Advice Requested ASAP...freelance offer

Hi everyone,

I just received an offer to do some freelance work for an ID firm. They are offering what seems to me a very low level of compensation. The package is this:

A few weeks guaranteed work in their studio, at $15/hr. for 8hrs. a day.

Now, I’ve been out of school a little over a year. During that time I haven’t held a junior industrial design position, but I have had one ID internship in addition to working as a commercial artist at a firm, so I’m not a complete newb. In addition, my ID skills are pretty solid.

I’ve heard that a freelancer should ask for $25-$50/hr. in compensation. As a Junior Designer, I would make $34-$42k/year judging from my experience. That’s $17-$21/hr. plus some benefits.

It seems to me it would be fair to make a counter offer for $25/hr.

Thoughts? Suggestions? I need to respond to them within the next 12 hours.

Considering you could work at a manufacturing plant with just a high-school diploma for that amount (or more!), I’d say that countering for $25/hr isn’t out of the question at all.

I would look at it a little differently. If it is somewhere you want to work and it will really build your portfolio. I would consider just taking the amount offered since you do not have a great deal of experience and the more experience you get the easier it will be to find a good paying job.

If it is something your doing and it is not really somewhere you want to go then ask for the money. But be warned in this economy more then likely they will just ask someone else. There is very little leverage in this economy.

It is true that you could make that same kind of money working as waiter but you went to collage so you don’t have to. My personal belief is if you are going to work might as well do something you like. I like doing design more then how much I am getting paid. For experience I would just take it and try to work out cost latter. For example if they like you they might hire you full time.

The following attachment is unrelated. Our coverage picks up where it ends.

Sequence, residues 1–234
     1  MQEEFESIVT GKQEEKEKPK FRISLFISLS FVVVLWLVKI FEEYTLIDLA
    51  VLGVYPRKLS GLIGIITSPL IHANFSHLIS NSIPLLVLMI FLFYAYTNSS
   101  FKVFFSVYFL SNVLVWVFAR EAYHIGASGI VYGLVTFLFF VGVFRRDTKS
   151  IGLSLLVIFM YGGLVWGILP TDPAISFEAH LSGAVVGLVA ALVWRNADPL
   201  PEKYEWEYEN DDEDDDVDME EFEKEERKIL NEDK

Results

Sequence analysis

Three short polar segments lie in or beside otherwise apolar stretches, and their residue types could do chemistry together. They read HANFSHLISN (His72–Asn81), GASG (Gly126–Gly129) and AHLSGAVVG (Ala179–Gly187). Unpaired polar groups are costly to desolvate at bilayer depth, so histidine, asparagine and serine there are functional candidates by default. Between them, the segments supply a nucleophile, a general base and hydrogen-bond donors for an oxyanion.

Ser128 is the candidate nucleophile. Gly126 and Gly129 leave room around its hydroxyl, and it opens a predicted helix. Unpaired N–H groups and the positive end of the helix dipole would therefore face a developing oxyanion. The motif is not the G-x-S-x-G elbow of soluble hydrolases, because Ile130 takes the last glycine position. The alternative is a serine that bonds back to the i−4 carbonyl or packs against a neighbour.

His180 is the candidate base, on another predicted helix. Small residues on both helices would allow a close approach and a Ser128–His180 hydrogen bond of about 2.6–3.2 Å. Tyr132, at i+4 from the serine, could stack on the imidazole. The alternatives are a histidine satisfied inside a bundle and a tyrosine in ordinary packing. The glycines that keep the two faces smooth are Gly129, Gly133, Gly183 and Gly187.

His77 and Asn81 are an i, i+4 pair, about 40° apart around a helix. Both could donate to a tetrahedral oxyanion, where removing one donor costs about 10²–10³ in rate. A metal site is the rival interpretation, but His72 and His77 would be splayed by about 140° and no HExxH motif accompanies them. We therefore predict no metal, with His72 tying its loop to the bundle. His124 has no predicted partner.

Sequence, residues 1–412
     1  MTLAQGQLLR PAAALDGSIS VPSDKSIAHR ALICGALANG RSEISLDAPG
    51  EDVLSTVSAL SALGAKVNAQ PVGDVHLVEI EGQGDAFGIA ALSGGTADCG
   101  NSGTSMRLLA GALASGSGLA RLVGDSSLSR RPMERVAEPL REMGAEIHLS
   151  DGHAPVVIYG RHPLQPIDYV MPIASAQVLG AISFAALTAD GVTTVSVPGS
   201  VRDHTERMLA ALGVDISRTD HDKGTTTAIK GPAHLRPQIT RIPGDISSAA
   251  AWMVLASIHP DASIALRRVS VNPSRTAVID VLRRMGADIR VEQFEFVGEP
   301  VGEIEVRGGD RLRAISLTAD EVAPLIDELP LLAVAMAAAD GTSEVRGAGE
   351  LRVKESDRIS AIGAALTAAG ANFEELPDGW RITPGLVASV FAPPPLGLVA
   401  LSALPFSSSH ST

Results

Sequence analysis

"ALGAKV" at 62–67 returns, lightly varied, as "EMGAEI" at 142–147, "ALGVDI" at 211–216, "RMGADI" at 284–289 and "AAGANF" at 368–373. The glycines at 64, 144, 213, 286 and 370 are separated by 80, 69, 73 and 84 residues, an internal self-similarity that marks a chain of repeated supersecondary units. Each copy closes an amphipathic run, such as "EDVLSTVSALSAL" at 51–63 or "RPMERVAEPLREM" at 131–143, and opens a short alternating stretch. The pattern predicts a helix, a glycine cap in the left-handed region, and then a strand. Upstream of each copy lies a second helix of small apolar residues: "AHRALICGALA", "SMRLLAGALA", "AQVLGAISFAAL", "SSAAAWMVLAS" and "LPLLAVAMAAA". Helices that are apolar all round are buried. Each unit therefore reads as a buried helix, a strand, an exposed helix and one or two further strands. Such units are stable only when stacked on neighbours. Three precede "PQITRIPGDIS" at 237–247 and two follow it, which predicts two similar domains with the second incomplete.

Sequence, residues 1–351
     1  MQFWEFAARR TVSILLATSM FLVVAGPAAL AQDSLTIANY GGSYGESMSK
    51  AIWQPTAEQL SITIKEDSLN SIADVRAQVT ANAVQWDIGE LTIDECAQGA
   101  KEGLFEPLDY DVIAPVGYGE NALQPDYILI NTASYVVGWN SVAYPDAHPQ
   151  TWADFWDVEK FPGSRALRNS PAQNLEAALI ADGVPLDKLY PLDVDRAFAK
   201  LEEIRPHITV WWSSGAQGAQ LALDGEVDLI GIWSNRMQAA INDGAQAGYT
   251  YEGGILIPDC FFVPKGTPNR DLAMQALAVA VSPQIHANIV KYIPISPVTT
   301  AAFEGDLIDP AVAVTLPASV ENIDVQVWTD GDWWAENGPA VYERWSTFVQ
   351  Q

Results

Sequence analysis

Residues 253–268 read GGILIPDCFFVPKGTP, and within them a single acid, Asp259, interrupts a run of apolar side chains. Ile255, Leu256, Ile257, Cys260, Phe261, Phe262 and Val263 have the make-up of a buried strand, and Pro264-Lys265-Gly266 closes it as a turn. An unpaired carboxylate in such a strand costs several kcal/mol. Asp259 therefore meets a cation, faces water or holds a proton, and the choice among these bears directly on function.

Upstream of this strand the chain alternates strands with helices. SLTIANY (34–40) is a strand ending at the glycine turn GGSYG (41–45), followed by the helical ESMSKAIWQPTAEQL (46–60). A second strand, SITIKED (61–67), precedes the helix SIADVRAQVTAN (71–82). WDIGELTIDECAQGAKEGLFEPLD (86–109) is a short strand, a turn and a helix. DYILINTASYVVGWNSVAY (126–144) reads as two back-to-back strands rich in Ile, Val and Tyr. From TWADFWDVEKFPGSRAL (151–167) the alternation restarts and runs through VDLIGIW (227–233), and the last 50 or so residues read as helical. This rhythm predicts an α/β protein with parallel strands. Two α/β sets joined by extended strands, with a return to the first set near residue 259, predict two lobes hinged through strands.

Before you decide what your rate ought to be, I think you need to do some math. $15 is insanely low. More like $30 - $100 depending on experience, level of service, expertise, etc.

Things that factor into your rate:

  1. The cost of software and how frequently you’ll need to update. If you need creative suite, SolidWorks, and Keyshot to do your job, and if you need to update them every other year, you must factor in ($5k + $1k + $2k / 2) as an annual expense, and factor it into your rate. This is not profit.
  2. How many hours do you expect to be billable in a week versus looking for work? In other words, there is some overhead associated with being a freelancer. It may take 15-20 hours a week to snag 30 billable hours - or none. Unless you can count on working 60 hours a week every week, that sales and marketing time needs to be factored into your rates. In other words, don’t base your rates on 2000 hours a year. You’d be hard pressed to ever hit that target. More like 1200-1600 hours.
  3. Salary. Look at what entry level engineers at your level make and use that as a target. I know a lot of designers play the starving artist role and drag the average down. Don’t be that. As much as people will like to pretend you are a crazy artist and try to take advantage of you, don’t reward that kind of thinking. You are a trained professional in a skill-based occupation. Repeat that to yourself until it’s internalized. Also remember you will be paying more in taxes (this is 1099 income) than as an employee (W-2 income), so figure you’ll need to bump up that number by 5-10%.
  4. Health insurance. Expect to pay $200/mo or more. You aren’t a student anymore, so assume you will carry this while you freelance.
  5. Office related expenses - rock solid reliable high speed internet, a good calling plan, hardware (like the computer you’ll need to replace every 3-5 years), office supplies, etc.